TREASURER:

 

Commonwealth has offered up $120 million to get waiting lists down. The moment the agreement is

signed $120 million. It can be done today, wouldn't that be great if we signed up for $120 million to get those waiting lists down, wouldn't that be great.........

 

JOURNALIST:

 

(inaudible)

 

TREASURER:

 

But wouldn't that be-great if we signed up today and $120 million was made available to get waiting lists down. That would be a great achievement I think and it would be a great outcome.

 

JOURNALIST:

 

You said this is your best offer, but is there any room for comprising at all?

 

TREASURER:

 

Well it's the best offer, that is the offer that's on the table and if it is accepted today the money can start following which would be a great thing.

 

JOURNALIST:

 

Are you concerned reports about corrupt projects going ahead in Indonesia despite IMF conditions? There is an IMF report that there are some corrupt projects going ahead in Indonesia contrary to IMF conditions, DFAT sorry?

 

TREASURER:

 

Look the Australia Government's position has been clear in relation to this and it is that Indonesia has to progress the reform package negotiated with the IMF and to the degree that it progresses that reform package money will be available from the international community to try and help the adjustment process. Now it's important that the package be applicable to Indonesia and that be taken into account but it's also important that Indonesia continue with those reforms. These are loans temporary financial accommodation to get Indonesia through the restructuring package and that's what they have got to continue to do.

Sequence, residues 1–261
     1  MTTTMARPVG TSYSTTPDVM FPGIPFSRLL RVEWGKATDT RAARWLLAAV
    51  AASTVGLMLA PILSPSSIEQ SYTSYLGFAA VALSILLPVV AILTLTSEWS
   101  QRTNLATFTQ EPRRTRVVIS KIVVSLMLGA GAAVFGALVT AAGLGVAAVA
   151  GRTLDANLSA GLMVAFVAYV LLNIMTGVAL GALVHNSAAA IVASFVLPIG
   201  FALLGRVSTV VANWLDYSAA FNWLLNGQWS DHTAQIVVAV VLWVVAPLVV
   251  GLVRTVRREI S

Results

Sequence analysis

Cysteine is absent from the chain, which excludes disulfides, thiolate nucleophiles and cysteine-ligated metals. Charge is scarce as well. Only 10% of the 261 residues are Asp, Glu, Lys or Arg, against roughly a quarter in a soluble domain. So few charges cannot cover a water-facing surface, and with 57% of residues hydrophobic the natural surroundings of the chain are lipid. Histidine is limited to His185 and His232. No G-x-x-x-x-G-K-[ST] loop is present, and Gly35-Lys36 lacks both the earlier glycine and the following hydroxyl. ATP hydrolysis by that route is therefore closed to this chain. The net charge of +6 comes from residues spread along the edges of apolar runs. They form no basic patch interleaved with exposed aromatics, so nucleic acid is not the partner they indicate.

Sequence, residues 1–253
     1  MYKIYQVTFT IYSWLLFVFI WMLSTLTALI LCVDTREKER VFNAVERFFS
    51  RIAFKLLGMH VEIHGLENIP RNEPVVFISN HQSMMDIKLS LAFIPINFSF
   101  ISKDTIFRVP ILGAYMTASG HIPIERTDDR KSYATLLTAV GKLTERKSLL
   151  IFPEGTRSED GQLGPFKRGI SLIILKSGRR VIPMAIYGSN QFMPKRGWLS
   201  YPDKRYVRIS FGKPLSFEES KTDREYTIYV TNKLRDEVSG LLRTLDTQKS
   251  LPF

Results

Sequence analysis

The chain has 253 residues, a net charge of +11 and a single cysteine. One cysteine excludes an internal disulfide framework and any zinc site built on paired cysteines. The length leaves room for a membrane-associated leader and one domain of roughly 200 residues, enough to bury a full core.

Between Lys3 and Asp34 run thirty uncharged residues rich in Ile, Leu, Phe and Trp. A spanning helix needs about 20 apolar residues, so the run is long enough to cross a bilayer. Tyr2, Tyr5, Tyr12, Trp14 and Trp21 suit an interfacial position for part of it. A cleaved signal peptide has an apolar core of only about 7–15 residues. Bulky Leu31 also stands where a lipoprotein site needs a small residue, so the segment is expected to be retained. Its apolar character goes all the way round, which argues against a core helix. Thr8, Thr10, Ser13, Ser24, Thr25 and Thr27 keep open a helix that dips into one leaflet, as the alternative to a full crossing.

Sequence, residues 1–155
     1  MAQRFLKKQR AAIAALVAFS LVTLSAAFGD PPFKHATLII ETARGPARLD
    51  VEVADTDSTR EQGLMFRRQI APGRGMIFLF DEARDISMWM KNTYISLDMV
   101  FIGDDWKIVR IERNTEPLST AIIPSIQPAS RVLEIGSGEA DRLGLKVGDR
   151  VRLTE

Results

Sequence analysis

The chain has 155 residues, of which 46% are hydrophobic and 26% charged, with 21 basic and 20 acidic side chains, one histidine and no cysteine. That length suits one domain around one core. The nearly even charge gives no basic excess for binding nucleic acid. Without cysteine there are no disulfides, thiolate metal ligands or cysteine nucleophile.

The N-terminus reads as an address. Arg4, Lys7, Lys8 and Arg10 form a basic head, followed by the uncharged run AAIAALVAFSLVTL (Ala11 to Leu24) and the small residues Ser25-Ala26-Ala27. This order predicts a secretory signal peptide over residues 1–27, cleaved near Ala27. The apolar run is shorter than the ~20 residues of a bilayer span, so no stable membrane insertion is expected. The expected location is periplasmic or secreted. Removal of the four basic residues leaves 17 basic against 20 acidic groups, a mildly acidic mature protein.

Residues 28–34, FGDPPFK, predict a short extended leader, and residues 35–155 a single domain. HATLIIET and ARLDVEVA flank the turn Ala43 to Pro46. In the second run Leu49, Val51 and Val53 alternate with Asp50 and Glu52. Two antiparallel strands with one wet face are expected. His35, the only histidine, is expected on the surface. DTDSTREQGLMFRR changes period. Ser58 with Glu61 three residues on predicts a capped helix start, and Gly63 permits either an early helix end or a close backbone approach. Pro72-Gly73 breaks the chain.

JOURNALIST:

 

But does that DFAT report give you second thoughts about the IMF package and Australia's role?

 

TREASURER:

 

Well look I'm not commenting on any reports that I've neither commissioned nor seen but our position has always been the same and we have a fair assessment of what's going on in Indonesia. That Indonesia has to continue with the reform package, that's the important thing.

 

JOURNALIST:

 

Treasurer, are you considering financial sanctions against any States that water down the National Gun Agreement?

 

TREASURER:

 

Well look I hope that there is no need to water down the National Gun Agreement. Let's just think back this agreement was put in place in response to the Port Arthur tragedy because the people of Australia demanded tighter gun laws. Nothing's changed since then and I think that we owe it to the victims of Port Arthur and their families to ensure that we maintain faith with them and that we continue with those gun laws to protect people from random violence. Look this is all about protecting people from random violence in Australia and our uniform gun laws are directed towards that task and that is just a very important thing for the people of Australia.

 

JOURNALIST:

 

But are financial sanctions an option though if there isn't .....

 

TREASURER:

 

Let's have a discussion and I think that when you see it in that light, you see it as a question of keeping faith with the victims of Port Arthur and their families. There is no case for changing uniform gun laws. Thanks